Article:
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Automania/Repair & Maintenance
AUTO QUESTIONS AND ANSWERS FOR WEEK 23
by Bob Hagin
Q. I have a 1985 Toyota Camry. When I was entering the freeway going uphill on the on-ramp and I stepped on the gas pedal to downshift, the car slowed and nearly stopped. I shifted to neutral, then jazzed the gas pedal to increase the RPM. I shifted back into drive and then the car was OK. This has happened five or six times in the past two years. Once the engine stopped completely and had to be restarted. Is the problem vapor lock? What can I do to cure it?
A. Since the problem only occurs sporadically (six times in two years isn't really very often) it's going to be tough to do any as-it-happens testing of the various systems. You don't say how many miles is on your Toyota or if you've had regular maintenance performed on it but after 14 years, it has to be getting up around 150,000 miles if you're an average driver. As a vehicle gets older, it needs more maintenance rather than less. Preventative medicine is cheaper in the long run than surgery and that applies to vehicles as well as people. If you haven't done anything so far to cure the problem, try putting on a new fuel filter. If it doesn't appear overly restricted, your next step would be to take it to a reliable mechanic to have some diagnostics done. Off hand, it sounds like your car has a fuel delivery problem. The scenario as you describe it is that you're going up hill at a relatively low road speed, then stepping on the gas pedal hard to go into an accelerating downshift mode and the engine flattens out. Have the fuel pump pressure and delivery volume checked in the shop and maybe even on the road. It may even be something as simple as a restricted fuel tank filler cap. These can be blown out with compressed air.
Q. I have a 1985 Ford Bronco II with a V6 engine. Recently it lost half of its master cylinder and I got braking on the bottom half of the pedal only. At the same time, I was getting hard shifting from the automatic transmission, especially on the downshift at 15 MPH. After my mechanic installed a new master cylinder, the shifting was a lot smoother but still abnormally rough. Also there's a new sound to be heard. It is either a high-pitched hum or a low-pitched whistle. I am wondering if something could have happened along with the installation of the master cylinder that would have caused a loss of vacuum.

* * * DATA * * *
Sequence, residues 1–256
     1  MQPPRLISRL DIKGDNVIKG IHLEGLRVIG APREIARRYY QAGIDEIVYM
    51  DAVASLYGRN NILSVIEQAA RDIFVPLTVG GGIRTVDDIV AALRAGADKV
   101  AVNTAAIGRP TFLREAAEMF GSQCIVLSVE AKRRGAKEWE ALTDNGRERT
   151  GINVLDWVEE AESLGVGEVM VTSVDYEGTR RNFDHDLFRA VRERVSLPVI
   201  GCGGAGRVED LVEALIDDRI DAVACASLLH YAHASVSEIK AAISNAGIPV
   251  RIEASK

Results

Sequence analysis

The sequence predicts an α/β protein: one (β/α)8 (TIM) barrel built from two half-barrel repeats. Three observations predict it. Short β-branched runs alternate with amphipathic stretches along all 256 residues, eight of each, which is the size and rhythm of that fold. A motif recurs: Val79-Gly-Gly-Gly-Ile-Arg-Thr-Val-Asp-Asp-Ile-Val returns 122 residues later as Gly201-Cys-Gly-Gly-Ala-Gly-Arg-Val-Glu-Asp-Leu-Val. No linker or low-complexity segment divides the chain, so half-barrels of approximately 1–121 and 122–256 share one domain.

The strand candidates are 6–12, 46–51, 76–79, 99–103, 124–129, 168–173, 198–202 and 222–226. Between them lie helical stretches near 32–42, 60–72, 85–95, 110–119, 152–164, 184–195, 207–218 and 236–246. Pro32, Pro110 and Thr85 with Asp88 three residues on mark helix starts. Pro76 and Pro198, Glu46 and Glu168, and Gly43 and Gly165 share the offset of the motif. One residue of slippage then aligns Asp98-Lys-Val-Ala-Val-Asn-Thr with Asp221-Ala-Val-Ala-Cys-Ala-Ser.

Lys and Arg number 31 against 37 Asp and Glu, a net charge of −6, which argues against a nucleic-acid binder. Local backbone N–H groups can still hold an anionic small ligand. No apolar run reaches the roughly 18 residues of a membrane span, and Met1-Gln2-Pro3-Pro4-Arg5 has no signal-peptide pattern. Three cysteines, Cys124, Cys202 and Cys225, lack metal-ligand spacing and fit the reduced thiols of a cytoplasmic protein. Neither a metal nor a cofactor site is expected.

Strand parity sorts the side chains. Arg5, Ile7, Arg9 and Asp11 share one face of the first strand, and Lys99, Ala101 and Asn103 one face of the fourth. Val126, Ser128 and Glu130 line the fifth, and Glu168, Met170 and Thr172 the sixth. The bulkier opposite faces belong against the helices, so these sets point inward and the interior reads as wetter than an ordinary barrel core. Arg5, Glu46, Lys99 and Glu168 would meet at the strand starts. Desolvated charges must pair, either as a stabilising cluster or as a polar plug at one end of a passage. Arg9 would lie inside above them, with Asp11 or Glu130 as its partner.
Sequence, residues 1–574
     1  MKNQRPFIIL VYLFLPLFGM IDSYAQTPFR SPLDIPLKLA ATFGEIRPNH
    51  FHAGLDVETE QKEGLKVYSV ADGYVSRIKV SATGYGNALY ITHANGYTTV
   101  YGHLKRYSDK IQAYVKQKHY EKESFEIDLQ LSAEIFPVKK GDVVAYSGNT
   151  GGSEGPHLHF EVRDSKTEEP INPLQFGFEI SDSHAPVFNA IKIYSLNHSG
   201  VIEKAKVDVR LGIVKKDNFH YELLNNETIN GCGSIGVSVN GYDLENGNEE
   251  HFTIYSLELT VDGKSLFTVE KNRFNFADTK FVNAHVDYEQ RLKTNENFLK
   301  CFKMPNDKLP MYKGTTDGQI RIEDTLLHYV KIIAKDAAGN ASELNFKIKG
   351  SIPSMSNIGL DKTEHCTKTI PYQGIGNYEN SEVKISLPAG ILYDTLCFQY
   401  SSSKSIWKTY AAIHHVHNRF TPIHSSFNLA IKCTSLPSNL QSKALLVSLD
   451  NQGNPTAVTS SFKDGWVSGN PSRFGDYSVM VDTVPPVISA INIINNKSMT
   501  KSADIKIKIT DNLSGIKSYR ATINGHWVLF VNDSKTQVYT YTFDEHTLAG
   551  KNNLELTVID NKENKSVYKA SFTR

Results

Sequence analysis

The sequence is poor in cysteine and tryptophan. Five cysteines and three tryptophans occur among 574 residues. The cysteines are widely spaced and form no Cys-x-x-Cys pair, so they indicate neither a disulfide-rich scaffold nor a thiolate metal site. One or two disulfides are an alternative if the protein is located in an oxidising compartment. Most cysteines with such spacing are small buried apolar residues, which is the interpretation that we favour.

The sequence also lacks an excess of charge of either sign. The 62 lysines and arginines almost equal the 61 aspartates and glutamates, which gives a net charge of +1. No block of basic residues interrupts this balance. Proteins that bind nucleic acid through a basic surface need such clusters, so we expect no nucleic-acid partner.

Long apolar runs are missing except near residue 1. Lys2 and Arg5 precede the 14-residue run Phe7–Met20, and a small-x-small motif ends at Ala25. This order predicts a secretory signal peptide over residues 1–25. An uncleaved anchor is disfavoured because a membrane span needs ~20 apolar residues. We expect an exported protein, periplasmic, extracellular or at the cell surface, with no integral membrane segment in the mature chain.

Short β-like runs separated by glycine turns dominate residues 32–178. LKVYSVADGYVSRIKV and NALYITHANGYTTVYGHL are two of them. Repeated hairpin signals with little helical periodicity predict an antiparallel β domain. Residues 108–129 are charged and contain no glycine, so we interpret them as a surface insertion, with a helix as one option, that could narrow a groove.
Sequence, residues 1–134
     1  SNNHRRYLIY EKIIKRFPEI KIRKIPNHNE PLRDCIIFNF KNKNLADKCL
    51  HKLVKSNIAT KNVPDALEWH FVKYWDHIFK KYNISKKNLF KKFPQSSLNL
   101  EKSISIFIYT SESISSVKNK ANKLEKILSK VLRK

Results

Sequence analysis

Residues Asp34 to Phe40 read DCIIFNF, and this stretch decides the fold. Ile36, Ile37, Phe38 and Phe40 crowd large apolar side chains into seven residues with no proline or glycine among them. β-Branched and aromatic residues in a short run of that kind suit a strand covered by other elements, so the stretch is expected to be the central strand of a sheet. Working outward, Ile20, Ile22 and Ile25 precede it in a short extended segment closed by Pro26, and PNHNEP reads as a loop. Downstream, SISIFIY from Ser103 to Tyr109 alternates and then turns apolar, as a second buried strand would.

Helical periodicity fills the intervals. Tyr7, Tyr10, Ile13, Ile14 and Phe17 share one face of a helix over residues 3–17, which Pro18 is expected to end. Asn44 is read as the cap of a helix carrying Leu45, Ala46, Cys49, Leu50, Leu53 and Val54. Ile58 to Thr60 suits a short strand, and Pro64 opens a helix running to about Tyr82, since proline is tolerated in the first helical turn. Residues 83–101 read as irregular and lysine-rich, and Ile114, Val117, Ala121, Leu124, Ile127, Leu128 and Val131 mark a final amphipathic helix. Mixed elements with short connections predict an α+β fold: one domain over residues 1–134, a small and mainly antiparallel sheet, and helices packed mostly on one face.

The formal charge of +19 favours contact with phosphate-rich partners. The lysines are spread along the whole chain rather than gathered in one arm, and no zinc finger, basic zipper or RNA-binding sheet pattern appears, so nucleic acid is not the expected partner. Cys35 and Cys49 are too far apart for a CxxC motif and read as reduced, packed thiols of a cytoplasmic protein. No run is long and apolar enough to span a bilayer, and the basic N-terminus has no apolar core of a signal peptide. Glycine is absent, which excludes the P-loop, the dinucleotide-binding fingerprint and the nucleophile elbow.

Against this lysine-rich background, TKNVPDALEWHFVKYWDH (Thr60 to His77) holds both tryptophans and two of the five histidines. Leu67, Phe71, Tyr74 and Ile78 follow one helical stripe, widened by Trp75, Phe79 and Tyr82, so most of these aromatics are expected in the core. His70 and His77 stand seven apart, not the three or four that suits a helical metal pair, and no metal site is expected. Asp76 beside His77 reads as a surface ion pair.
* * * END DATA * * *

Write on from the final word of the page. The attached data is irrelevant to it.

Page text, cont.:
A. The only thing that I know of on an automatic transmission that uses engine (manifold) vacuum to operate is the modulator valve which softens the downshifting at moderate decelerating road speeds. If the diaphragm ruptures the downshifts will be hard. On some vehicles, when the diaphragm ruptures or develops a pin-hole, the engine will slowly suck the ATF out of the automatic transmission and burn it in the combustion chambers. If you haven't had the automatic transmission serviced for a while, this is a good time to have it done. Have the tech check the vacuum modulator valve while the vehicle is up in the air.
Q. We own a 1987 Buick Skylark coupe with a 2.3 liter four-cylinder engine. We bought it about a year ago because it has very low mileage and had been taken care of. Six months later, a rattle started coming from the front of the engine. About the same time, the engine temperature started to go higher than normal. The noise is now louder and the temperature is getting higher. We only use it as a second car.
A. The engine in your Skylark is called the Quad 4 and it's had more than its share of problems. For whatever reason, some of those engines got through without a lubrication hole in the timing chain idler sprocket which also operates the water pump. The fix is to pull the timing chain cover and replace the sprocket, bearing and water pump. Hopefully, the overheating hasn't damaged the head gasket or the head.
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